Apparently today is a crying day. Not for me, for my son. I would like to be on my way to see my niece compete in her first level 7 gymnastics meet. Parenting thwarted these plans though. My son and I were packing to head out the door when he decided he needed a cookie. It’s amazing the simple things that can set a toddler off.
The simple act of telling him, not right now, resulted in an irrational meltdown. A time out and a promising redirect about not throwing fits when we don’t get what we want, and things were looking up. I still had hope we could recover and head out to the gymnastics meet. That was until he asked for a cookie again with the same reaction when the answer at that point had to be, no. Look, I don’t mind if the kid has a cookie, I just wasn’t in a position to give it to him at the moment he requested it the first time. His reaction to getting a cookie at that precise moment is what necessitated my refusal and subsequent refusals. It became a dreaded learning opportunity.
Learning opportunities are exhausting as a parent. It would be easier to give the kid the damn cookie so I could have what I wanted- going to watch my niece compete. Unfortunately, I had to seize this opportunity to teach my son how to be a decent human being and avoid future episodes. Thankfully he decided to start his crying day at home instead of in public where it’s too late to do much about it. As an adult, my dad told me:if I disciplined you at home, I didn’t have to discipline you in public. I guess when you have five children to manage in public you figure out how to teach them to listen. I just have the one, with a second fast approaching.
I’m beginning to see the virtues of disciplining at home where you have home field advantage, rather than having to institute rules and boundaries at the grocery store where you can’t control the environment. I mean, that’s just good gamesmanship, right? Have you ever tried to put a toddler in a time out in the diaper isle at Walmart? If we were at home I would let him scream himself hoarse in his time out while I ignored him. At the store you just know you’re being judged and you really don’t want to waste an hour of shopping by leaving a full cart and taking your child home for a time out (though a time out is not what I would have gotten if my mother or father had to leave a store because I threw a fit). Yes, home field advantage is preferable.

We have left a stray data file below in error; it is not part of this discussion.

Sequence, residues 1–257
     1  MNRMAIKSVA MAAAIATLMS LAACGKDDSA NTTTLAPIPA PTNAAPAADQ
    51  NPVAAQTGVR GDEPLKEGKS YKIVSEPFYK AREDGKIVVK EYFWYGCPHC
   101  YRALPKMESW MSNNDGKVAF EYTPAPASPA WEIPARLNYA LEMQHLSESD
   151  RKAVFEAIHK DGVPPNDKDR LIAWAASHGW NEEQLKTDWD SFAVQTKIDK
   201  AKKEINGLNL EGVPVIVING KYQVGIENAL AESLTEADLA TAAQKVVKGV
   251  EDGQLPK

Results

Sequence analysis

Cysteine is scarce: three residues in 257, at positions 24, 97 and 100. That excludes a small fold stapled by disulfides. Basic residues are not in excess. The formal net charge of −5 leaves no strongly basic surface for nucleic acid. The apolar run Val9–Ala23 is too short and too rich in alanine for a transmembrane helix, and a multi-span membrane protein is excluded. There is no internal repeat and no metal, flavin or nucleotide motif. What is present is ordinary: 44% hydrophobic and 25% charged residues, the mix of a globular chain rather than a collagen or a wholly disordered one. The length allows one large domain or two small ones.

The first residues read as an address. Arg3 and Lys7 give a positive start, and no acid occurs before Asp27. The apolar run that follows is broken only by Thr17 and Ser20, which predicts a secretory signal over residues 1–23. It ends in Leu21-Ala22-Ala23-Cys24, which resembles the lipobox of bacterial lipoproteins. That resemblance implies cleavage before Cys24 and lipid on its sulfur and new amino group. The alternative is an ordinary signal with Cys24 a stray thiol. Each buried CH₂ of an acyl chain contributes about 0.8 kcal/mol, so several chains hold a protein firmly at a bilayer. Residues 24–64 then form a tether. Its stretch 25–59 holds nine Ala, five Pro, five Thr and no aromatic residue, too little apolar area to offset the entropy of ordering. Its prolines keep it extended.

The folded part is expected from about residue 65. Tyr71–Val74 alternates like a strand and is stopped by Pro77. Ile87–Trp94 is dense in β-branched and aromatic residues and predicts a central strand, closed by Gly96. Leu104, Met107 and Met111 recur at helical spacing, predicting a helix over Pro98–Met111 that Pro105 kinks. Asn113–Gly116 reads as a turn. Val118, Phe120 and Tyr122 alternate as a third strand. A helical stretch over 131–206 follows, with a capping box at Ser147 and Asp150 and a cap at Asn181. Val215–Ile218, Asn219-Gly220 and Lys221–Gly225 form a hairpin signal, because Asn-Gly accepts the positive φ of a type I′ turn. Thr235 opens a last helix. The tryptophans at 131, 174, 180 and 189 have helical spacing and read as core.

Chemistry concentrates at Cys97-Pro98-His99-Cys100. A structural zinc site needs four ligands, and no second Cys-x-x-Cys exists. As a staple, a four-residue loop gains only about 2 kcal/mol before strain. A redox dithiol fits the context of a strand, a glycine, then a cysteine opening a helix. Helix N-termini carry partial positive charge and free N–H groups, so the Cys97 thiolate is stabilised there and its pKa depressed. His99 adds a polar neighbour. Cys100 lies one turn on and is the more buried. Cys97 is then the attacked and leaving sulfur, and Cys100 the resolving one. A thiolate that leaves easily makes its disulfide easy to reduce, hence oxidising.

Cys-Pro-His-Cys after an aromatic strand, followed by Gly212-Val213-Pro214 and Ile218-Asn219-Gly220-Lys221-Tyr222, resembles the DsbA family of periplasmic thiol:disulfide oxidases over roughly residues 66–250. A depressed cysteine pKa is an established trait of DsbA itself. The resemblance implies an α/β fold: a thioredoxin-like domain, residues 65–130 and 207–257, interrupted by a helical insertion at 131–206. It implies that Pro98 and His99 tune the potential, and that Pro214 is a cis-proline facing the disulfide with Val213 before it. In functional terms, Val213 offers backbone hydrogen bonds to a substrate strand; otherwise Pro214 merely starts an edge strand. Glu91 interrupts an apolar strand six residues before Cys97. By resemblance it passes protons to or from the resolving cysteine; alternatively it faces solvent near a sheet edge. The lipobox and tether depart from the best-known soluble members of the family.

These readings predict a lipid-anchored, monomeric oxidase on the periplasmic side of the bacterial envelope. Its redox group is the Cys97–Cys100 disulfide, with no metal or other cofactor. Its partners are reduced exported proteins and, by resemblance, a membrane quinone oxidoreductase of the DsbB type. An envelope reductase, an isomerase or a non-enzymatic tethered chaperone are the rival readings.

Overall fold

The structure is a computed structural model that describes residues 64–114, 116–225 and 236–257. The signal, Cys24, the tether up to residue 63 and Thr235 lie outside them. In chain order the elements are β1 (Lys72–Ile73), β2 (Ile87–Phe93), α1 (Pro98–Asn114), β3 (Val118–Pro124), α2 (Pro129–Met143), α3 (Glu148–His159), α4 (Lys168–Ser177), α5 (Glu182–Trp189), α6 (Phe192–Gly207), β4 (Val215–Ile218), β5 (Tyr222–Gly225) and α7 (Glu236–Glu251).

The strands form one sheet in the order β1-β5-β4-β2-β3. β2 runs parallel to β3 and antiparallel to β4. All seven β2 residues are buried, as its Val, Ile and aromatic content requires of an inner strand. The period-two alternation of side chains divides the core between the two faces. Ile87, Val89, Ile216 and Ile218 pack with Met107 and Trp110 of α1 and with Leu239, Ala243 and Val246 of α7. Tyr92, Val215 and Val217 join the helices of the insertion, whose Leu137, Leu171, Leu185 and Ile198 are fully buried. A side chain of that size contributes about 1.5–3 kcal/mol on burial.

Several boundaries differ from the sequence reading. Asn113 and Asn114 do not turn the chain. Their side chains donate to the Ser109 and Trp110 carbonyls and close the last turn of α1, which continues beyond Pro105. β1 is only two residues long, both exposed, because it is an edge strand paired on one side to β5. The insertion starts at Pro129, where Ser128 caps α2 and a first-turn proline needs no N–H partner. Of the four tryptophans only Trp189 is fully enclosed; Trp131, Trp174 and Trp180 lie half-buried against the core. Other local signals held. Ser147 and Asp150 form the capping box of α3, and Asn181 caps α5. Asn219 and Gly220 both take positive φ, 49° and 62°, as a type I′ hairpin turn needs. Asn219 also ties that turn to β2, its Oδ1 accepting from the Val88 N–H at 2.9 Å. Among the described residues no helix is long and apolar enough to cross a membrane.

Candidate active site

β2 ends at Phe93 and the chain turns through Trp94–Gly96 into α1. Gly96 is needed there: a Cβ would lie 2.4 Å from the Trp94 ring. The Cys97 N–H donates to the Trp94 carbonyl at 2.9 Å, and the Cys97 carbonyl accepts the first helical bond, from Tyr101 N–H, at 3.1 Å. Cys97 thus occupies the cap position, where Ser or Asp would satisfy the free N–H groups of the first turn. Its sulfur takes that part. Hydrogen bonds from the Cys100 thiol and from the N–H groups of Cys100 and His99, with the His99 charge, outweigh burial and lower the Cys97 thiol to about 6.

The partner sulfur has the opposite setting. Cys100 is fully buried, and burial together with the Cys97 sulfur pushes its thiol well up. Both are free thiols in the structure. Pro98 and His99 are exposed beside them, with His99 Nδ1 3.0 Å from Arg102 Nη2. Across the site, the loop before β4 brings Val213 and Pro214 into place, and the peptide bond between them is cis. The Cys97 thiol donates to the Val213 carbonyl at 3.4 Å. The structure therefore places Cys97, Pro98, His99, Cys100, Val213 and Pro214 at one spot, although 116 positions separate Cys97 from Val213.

So, here I am writing while there’s a lull in the storm, rather than doing what I intended to be doing. Gray is playing outside, collecting rocks and wild flowers and bringing them to me here on the porch. Little apologies as only toddlers can make. I’ll offer him a cookie randomly if he continues to behave like a rational human being, or at least as rational as can be expected of a two year old. This is my first child, so who knows if I’m doing this parenting thing right. I’m combining my experiences of how I was raised (things I liked and didn’t like), experience working with children, and a lot from what I know from animal training as a keeper of great apes. I’m sure you will hear more about my experiences as a zoo keeper and how they prepared me for parenthood at some point in this blog.
I’ve found that parenting is extremely hard but equally rewarding. In the time it has taken me to write this, my son has returned to a sweet, adorable child. This is what keeps me going. A few rocks and wild flowers picked just for me in between melt downs sustains me and gets me through the next episode in five, four, three, two, one…